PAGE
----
Media advisory: Wrestling history revived at Rice Media Center

William Edmond, assistant director of multicultural affairs, thanked the BMLI for organizing the evening's service.

Wrestling history revived at Rice Media Center
Exhibit of rare photos, films will celebrate Houston’s ‘Friday Night at the Coliseum’

HOUSTON – (Feb. 13, 2020) – Houston wrestling history, once lost to time, will be resurrected in all its flamboyant glory in a photo and film retrospective at Rice University.

The Rice Media Center celebrates its 50th anniversary with an exhibition of longtime Rice professor Geoff Winningham’s 1970-71 photographs celebrating professional wrestling in the Houston Coliseum. The show will open with a reception Feb. 22 from 6-8 p.m. and will remain on view at the Rice Media Center through March 20.

The retrospective features over 200 contemporary and historical photographs, as well as video clips from Winningham’s rarely seen 16 mm black-and-white film of the wrestling scene in Houston in the early 1970s. The exhibit is timed to coincide with the publication of a new edition of his acclaimed 1971 book, “Friday Night in the Coliseum.”

This exhibition is the first showing of Winningham’s photographs in nearly 50 years.

“Friday Night in the Coliseum” was critically acclaimed almost immediately upon its 1971 release. The New York Times, the Village Voice, the Boston Globe and Newsweek published glowing reviews, while a 1972 issue of Life magazine devoted three pages to photographs from the book, heralding it as “The Rousin’ Rebirth of Rasslin.”

Winningham was awarded a 1972 John Simon Guggenheim Fellowship to continue his photography, as well as a grant from the Public Broadcasting Corporation to produce a 16 mm film on professional wrestling in Houston.

In 1973, the American Federation of Arts published “Masters of the Camera,” a collection of American photography of the 20th century that concluded with six photographs from “Friday Night in the Coliseum.”

Winningham’s vision of professional wrestling as folk theater was hardly the first. The French philosopher and semiologist Roland Barthes celebrated wrestling as “a spectacle of excess,” finding in it “a grandiloquence which must have been that of ancient theatres.

If there was a rebirth of locally promoted professional wrestling, as Winningham photographed it in 1971, it was short-lived.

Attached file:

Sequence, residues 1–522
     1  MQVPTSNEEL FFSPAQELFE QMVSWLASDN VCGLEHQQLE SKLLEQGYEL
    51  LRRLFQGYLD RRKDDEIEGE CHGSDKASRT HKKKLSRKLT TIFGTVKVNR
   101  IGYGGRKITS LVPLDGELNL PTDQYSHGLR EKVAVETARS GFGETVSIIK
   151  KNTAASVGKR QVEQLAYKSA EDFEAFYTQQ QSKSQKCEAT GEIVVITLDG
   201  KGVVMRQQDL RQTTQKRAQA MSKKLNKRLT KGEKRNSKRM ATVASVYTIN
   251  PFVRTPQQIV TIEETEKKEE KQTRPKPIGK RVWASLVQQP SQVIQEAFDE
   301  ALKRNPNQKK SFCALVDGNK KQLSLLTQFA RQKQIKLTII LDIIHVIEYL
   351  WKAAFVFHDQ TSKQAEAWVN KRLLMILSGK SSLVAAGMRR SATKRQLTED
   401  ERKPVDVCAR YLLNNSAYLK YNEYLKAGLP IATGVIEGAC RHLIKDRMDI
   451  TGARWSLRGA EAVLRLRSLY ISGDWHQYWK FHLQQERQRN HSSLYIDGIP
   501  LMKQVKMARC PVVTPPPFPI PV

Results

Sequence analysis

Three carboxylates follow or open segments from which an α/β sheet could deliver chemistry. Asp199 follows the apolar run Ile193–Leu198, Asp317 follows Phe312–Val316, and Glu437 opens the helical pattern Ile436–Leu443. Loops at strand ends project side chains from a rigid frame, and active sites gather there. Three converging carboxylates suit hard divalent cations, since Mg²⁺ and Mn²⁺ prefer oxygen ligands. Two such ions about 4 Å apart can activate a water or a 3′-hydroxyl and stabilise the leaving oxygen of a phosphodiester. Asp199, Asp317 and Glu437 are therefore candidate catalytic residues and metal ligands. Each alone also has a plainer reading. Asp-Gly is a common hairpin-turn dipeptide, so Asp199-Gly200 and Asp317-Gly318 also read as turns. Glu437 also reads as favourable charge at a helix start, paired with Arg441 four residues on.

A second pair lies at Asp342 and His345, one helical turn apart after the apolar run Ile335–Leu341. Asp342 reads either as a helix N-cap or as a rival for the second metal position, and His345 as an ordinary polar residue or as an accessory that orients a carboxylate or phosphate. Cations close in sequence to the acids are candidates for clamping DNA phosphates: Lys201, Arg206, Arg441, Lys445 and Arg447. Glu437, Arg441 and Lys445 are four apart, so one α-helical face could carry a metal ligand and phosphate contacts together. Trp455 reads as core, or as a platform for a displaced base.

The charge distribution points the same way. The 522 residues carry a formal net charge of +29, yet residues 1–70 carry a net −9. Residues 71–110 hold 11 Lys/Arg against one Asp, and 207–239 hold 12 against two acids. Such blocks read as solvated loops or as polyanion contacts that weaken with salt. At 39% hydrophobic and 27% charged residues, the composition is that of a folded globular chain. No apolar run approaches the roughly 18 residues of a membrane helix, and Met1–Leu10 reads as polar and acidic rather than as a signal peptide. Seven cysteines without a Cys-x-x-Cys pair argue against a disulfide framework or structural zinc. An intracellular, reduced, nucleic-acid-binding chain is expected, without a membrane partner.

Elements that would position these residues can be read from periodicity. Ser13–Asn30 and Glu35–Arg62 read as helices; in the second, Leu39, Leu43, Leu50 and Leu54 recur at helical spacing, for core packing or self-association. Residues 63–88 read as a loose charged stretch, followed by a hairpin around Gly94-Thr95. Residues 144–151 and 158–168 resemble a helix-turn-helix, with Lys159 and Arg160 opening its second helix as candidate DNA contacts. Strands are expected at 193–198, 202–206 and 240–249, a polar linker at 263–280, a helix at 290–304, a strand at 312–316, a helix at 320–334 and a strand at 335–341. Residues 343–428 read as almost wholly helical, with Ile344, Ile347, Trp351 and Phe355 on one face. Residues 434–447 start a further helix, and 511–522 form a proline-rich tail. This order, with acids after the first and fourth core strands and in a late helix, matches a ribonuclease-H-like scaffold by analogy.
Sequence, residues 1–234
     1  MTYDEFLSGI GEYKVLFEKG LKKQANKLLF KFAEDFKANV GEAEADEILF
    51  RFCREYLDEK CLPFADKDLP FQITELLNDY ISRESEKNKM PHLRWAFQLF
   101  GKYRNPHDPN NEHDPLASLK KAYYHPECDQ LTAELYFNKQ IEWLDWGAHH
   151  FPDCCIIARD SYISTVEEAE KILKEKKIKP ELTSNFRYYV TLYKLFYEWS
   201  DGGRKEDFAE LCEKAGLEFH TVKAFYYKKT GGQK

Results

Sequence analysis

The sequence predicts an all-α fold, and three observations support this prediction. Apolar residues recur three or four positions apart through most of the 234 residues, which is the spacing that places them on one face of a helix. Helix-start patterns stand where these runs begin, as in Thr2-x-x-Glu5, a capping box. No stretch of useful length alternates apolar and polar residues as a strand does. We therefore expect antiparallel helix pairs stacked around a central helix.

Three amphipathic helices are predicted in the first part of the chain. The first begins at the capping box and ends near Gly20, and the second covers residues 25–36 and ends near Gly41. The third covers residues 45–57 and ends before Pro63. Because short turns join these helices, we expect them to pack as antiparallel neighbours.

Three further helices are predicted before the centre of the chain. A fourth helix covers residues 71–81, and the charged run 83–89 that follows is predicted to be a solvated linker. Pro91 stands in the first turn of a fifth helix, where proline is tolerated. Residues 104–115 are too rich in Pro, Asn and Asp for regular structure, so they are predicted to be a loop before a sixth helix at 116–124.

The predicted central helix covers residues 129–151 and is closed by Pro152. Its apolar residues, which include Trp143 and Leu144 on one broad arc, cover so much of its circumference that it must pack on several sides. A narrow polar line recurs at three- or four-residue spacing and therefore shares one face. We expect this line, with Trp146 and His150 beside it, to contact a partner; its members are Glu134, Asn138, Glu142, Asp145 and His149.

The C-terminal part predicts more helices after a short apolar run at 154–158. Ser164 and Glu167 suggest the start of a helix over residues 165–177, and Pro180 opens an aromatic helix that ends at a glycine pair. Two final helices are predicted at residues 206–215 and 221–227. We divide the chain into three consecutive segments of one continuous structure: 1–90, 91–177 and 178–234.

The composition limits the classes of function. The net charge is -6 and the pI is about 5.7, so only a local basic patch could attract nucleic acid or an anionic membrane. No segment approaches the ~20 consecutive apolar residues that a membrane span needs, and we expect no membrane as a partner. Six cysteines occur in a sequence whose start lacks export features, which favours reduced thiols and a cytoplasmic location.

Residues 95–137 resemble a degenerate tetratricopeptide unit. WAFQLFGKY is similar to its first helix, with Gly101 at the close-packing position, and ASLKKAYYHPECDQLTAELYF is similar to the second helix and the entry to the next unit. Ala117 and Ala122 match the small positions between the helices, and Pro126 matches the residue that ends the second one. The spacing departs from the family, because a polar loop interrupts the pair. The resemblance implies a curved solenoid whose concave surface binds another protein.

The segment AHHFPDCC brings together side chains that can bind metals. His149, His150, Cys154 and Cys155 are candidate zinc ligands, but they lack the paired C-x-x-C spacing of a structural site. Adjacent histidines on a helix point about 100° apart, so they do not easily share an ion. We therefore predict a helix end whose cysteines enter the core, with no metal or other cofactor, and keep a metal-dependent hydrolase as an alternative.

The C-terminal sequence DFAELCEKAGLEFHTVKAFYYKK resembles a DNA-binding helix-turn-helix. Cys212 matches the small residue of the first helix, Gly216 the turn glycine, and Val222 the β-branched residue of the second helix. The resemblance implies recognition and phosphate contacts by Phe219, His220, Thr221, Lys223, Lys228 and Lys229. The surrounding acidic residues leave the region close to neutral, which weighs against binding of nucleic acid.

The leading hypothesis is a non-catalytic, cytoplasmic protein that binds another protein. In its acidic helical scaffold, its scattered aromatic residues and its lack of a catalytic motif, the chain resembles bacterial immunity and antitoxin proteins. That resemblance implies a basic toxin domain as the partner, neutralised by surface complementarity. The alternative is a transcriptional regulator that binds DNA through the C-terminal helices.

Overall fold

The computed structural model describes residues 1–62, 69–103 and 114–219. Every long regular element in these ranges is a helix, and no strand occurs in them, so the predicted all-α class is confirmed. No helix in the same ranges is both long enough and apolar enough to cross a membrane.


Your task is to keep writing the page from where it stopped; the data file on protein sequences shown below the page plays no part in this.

By 1985, regional wrestling was destroyed by the phenomenal growth and popularly of the World Wrestling Federation, with productions conceived and designed for a national television audience. Local and regional wrestling heroes were replaced by celebrity actors, while professional wrestling became a steroid-fueled caricature of its former self. Locally produced American wrestling became lost to history.

“I suppose that I should not be shocked that the kind of wrestling that I witnessed five decades ago has disappeared,” Winningham writes in the afterword to his book’s new edition. “In time, all things change. Still, as I prepare the second edition of this book, as I look again at the pictures that I took and read the words of the people that I remember from my Friday nights in the Coliseum, I am saddened by what has been lost, and I am grateful for what I have been able to preserve.”

The Feb. 22 opening reception is free and open to the public. The Rice Media Center is also free and open to the public 10 a.m. to 5 p.m. Monday through Friday.

A full lineup of events for the Rice Media Center’s 50th anniversary celebration can be found at vada.rice.edu/50th-anniversary.

For a Rice University map and parking information, visit parking.rice.edu.

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This news release can be found online at news.rice.edu.

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Located on a 300-acre forested campus in Houston, Rice University is consistently ranked among the nation’s top 20 universities by U.S. News & World Report. Rice has highly respected schools of Architecture, Business, Continuing Studies, Engineering, Humanities, Music, Natural Sciences and Social Sciences and is home to the Baker Institute for Public Policy. With 3,970 undergraduates and 2,934 graduate students, Rice’s undergraduate student-to-faculty ratio is just under 6-to-1. Its residential college system builds close-knit communities and lifelong friendships, just one reason why Rice is ranked No. 1 for quality of life and for lots of race/class interaction and No. 4 for happiest students by the Princeton Review. Rice is also rated as a best value among private universities by Kiplinger’s Personal Finance.